Similarly to the concept of set point weight only being able to increase rather than decrease, our bodies just don't want to lose weight. The bottom of the "thermostat" is much more rigid than the top, which helps keep us safe in times of scarce food supply. Once again, thinking of this from an evolutionary perspective is helpful when you can consider weight as energy stores and sustenance. Our bodies don't want to give up energy stores because to do so would compromise our chance of survival. They don't know that when we diet or restrict energy intake, we are surrounded by food sources like restaurants, kitchens, and grocery stores. Dieting makes our bodies feel unsafe, because they're not being provided with their basic needs. Intuitive eating can help us establish trust with our bodies again and help heal some of the damage that dieting does (both physically and mentally).

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Finding your set range weight can be complicated if you have a history of attempting to control or modulate your weight. The damage done to our internal regulatory systems during dieting can continue to affect weight even after the damage ceases, but with time and self-care, set range weight can be discovered.

As I mentioned earlier, set range weight may be above or below your current weight when beginning to eat intuitively, meaning that you may lose or gain as time passes. However, there's a certain paradox when it comes to finding your set range weight: you have to stop prioritizing weight, chasing it, and trying to modify it.

Your set range weight is the weight you reach when...

  • You're not dieting or restricting

  • You're moving your body in a joyful, life-enhancing way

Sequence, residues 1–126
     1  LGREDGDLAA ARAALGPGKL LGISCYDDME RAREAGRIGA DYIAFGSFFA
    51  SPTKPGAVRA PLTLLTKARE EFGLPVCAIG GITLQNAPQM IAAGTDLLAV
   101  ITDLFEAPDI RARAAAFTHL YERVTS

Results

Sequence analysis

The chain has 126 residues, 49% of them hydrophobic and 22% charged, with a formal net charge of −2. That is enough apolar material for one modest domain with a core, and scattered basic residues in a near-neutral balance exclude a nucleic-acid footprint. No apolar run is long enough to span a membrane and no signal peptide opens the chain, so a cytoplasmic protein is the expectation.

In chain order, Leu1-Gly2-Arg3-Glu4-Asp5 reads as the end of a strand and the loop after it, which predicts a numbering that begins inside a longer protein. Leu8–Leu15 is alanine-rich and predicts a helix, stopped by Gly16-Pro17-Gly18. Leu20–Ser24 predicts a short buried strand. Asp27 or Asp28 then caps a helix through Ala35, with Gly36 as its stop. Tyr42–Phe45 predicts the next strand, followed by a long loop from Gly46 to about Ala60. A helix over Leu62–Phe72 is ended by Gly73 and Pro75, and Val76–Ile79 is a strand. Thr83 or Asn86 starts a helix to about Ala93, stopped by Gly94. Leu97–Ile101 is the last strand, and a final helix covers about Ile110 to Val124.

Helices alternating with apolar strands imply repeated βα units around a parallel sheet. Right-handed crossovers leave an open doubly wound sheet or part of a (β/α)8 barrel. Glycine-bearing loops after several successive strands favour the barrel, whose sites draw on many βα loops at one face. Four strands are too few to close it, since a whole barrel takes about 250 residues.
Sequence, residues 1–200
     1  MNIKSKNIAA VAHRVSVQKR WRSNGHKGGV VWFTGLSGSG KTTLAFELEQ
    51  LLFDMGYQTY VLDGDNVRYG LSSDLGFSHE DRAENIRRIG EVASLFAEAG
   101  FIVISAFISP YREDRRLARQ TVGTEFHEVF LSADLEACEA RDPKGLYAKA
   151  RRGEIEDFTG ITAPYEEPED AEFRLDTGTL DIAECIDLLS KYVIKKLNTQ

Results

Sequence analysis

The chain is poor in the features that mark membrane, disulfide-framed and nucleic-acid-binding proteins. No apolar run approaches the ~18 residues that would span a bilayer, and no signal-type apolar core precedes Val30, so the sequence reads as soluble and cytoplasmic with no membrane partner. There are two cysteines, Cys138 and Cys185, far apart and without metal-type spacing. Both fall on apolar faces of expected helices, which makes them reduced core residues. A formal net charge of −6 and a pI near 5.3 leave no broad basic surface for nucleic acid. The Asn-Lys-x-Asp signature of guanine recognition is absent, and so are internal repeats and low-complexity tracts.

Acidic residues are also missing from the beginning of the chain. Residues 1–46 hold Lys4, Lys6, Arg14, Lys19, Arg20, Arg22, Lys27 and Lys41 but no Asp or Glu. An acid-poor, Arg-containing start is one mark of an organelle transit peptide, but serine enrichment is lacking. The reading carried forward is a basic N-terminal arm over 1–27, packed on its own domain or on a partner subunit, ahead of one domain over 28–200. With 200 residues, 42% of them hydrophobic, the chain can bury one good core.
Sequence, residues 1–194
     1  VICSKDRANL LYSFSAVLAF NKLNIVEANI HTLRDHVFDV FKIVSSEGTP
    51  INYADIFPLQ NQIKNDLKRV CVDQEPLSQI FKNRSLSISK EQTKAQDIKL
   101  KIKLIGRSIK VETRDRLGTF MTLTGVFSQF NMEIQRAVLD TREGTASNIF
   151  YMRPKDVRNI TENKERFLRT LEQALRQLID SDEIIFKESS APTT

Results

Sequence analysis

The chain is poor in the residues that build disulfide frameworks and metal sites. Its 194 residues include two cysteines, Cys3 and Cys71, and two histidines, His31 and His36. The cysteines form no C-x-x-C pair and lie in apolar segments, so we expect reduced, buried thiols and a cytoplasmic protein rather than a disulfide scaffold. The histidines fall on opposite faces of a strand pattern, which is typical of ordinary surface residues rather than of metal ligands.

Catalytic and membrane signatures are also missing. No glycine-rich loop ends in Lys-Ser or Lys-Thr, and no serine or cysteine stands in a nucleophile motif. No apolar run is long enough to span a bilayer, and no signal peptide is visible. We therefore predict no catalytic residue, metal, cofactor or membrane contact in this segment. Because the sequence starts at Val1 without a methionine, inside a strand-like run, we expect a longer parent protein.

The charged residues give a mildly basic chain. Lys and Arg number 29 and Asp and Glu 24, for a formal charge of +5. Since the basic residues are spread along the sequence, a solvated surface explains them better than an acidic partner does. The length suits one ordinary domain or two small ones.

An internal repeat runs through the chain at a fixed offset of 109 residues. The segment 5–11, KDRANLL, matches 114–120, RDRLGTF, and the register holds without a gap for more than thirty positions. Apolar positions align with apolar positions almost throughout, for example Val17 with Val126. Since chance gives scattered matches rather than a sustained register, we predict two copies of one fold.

• You're providing your body with its energy and pleasure needs through food that nourishes your body and soul

  • Your brainspace and energy are directed towards living our your life and not obsessing over your weight

And I absolutely hate any focus on numbers but I think in this instance it's important to mention again that your set range is about 10-20 pounds. 10-20 pounds!!! So for reference, your set range weight can actually fluctuate quite bit.



Your weight should not be difficult to maintain, nor should it be one of your priorities. Things like your hobbies, interest, friends, family, cravings, fun movement, and personal growth are much more important than your weight. The bottom line is this:

  • Your weight shouldn't fluctuate easily and you shouldn't gain just by looking at a food. This is a sign of metabolic disturbance and an indication you aren't nourishing your body adequately.

  • The weight you settle into doesn't matter and there are much more important aspects of health. For starters, I highly recommend throwing your scale in the garbage and reading this post about how to have a more positive doctor's appointment.